Another recent study suggests a correlation between oral sex and throat cancer. It is believed that this is due to the transmission of HPV because this virus has been implicated in most cervical cancers. The study concludes that people who had one to five oral-sex partners in their lifetime had approximately a doubled risk of throat cancer compared with those who never engaged in this activity. Those with more than five oral-sex partners had a 250% increased risk compared with those who never engaged in this activity.
The thorough washing of the anal region before anilingus will wash away most external fecal particles and reduce the risk of contraction of fecal-sourced infection. An enema can also reduce the risk of direct fecal contact. A dental dam may also be used.
Safe practice is to avoid unprotected sex which involves fellatio after anal intercourse.
If the receiving partner has wounds or open sores on the genitals, or if the giving partner has wounds or open sores on or in the mouth, or bleeding gums, this poses an increased risk of STD transmission. Brushing the teeth, flossing, undergoing dental work, and eating crunchy foods (such as potato chips) relatively soon before or after performing anilingus also increases the risk of transmission, because all of these activities can cause small scratches on the inside of the lips, cheeks, and palate. These wounds, even when they are microscopic, increase the chances of contracting STDs that can be transmitted orally under these conditions.
Forced and mostly public anilingus was used from time immemorial as a form of humiliation and punishment, usually of prisoners. The use of the practice in the Thirty Years' War was described by Grimmelshausen in Simplicius Simplicissimus (1668). The practice is commonly referred to as "arse licking", and the term is still at times applied to the behaviour of someone who is too pleasant and helpful to someone in authority.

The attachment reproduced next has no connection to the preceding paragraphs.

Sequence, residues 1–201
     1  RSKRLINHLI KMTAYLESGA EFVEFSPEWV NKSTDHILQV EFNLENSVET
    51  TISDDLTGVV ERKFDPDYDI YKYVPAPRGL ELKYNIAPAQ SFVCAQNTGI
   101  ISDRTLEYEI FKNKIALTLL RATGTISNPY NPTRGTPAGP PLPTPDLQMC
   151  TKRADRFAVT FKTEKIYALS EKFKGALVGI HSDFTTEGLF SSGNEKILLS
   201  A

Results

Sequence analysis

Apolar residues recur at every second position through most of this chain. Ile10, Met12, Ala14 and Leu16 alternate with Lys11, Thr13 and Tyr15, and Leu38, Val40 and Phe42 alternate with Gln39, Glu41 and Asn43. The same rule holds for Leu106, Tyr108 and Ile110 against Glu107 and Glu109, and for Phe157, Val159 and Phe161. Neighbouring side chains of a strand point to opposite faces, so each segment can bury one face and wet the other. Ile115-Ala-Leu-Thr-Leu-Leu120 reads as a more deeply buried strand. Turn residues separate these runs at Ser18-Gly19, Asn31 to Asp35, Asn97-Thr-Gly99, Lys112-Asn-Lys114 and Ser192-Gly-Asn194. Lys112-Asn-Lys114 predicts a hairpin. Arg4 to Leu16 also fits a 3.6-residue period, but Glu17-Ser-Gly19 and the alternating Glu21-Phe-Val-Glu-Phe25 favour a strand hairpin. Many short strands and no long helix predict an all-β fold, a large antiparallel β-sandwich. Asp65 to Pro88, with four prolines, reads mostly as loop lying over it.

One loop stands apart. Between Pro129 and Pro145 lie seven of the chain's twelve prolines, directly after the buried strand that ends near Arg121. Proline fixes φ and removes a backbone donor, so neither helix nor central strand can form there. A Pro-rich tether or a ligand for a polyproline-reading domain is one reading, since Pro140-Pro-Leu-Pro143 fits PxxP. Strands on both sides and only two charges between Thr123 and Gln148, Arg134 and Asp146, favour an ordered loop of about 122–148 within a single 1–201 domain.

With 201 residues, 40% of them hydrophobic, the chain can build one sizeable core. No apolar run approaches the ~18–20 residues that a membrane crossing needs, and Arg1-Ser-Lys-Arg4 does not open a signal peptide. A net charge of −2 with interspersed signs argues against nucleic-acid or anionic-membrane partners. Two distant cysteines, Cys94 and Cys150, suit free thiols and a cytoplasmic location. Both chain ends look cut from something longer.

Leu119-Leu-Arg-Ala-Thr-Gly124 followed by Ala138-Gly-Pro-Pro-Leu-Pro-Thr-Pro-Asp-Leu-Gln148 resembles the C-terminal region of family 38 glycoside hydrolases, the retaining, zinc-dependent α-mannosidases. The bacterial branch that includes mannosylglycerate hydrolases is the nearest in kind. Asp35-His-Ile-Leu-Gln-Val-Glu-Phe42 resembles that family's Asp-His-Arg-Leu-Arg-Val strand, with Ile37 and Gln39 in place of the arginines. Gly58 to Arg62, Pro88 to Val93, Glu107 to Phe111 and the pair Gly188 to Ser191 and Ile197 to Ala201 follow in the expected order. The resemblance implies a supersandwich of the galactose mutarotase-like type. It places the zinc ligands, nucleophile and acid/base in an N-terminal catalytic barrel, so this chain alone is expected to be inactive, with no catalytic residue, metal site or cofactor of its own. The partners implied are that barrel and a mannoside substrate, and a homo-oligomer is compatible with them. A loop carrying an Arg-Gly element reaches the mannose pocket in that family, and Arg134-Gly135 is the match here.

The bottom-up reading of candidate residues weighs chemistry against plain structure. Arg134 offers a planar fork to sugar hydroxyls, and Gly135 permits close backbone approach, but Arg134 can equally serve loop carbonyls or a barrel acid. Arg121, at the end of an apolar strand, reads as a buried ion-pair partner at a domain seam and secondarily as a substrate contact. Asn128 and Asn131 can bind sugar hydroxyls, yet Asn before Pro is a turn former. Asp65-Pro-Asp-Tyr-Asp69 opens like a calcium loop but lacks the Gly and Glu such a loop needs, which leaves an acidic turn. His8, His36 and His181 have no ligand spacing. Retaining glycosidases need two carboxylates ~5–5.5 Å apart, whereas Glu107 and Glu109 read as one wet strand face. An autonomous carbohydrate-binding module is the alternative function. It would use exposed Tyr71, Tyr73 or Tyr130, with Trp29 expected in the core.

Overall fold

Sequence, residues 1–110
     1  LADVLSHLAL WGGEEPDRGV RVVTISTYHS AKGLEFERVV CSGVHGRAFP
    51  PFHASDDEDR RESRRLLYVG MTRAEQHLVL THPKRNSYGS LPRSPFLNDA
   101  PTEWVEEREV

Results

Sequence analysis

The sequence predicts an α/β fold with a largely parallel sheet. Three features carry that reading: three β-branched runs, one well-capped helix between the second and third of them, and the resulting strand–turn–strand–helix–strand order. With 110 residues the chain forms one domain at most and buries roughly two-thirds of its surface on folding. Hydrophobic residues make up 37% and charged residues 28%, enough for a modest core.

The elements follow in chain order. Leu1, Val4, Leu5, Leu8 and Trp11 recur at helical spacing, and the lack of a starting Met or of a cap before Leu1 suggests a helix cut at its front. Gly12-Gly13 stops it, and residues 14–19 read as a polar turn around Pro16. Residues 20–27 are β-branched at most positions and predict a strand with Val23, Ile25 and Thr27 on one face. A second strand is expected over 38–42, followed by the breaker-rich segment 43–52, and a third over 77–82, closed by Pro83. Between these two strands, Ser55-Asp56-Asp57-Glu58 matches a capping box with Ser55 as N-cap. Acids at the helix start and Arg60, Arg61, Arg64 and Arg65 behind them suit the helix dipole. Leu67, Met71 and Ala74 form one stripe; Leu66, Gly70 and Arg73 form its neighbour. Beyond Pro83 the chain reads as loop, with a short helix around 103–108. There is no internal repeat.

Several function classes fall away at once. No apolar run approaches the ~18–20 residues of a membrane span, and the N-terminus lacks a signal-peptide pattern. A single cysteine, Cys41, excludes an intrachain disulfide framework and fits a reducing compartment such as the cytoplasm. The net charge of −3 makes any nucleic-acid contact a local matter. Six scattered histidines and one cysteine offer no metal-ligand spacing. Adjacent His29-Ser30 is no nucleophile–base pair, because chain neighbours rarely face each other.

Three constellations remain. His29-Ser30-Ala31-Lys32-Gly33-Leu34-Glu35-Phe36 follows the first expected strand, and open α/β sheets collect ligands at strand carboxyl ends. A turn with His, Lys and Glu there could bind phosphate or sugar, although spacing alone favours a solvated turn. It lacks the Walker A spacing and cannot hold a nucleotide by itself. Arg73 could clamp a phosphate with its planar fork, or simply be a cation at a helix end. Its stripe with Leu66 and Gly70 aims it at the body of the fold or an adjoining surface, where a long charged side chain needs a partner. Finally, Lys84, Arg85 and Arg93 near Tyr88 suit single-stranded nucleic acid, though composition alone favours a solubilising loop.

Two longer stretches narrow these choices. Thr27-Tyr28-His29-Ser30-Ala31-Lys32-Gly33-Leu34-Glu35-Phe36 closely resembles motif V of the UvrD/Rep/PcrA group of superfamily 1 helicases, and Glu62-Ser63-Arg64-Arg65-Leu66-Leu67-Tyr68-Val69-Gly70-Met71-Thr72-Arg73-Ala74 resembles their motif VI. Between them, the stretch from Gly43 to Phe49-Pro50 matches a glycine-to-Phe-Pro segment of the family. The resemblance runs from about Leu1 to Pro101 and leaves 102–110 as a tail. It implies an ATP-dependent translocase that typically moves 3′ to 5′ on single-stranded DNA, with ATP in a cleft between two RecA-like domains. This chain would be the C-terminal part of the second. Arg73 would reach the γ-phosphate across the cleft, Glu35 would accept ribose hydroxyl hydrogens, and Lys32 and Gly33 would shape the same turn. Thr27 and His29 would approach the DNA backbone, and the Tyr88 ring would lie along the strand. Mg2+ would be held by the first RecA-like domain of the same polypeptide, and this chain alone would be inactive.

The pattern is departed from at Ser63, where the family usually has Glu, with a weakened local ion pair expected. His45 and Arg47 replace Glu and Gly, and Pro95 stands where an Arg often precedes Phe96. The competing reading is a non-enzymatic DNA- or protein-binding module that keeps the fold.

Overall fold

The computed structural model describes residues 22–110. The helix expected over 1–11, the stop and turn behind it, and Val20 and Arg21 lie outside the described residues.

|Wikimedia Commons has media related to: Anilingus|
- Jordan Tate (2007). The Contemporary Dictionary of Sexual Euphemisms. DSt. Martin's Press. pp. 8–9, 106. ISBN 0-312-36298-6.
- Jack Morin (2000). Anal Pleasure & Health: A Guide for Men and Women. Down There Press. p. 147. ISBN 0-940208-20-2.
- Newman, Felice (2004). The Whole Lesbian Sex Book: A Passionate Guide for All of Us. Cleis Press Inc. p. 174. ISBN 978-1-57344-199-5.
- Taormino, Tristan (2006). The Ultimate Guide to Anal Sex for Women. Cleis Press Inc. p. 92. ISBN 978-1-57344-221-3.
- Diamant AL, Lever J, Schuster M (Jun 2000). "Lesbians' Sexual Activities and Efforts to Reduce Risks for Sexually Transmitted Diseases". J Gay Lesbian Med Assoc. 4 (2): 41–8. doi:10.1023/A:1009513623365.
- Mark Forsyth. The etymologicon // Icon Books Ltd 2011, page 49.
- Morin, J. (1998). Anal pleasure and Health. Oakland, CA: Down there press.
- Tate, Jordan. (January 9, 2007) The Contemporary Dictionary of Sexual Euphemisms. Publisher St. Martin's Press ISBN 0-312-36298-6
- Is Oral Sex Safe?. University Health Center at the University of Georgia. Archived from the original on 10 October 2007. Retrieved 2007-10-12 (from internet archive)
- What's Rimming?. Columbia University's internet health service. Archived from the original on 13 October 2007. Retrieved 2007-10-12
- Roxanne Khamsi (9 May 2007). "Oral sex can cause throat cancer". NewScientist.com news service. Archived from the original on 30 September 2007. Retrieved 2007-10-12
- Castleman, Michael (27 April 2010). "Rimming: The curious couple's guide to oral-anal play". Psychology Today. Retrieved 23 November 2012.
- Simplicissimus, The German Adventurer, trans. John C. Osborne, Newfound Press, 2008. ISBN 978-0-9797292-5-6
- Macmillan Dictionary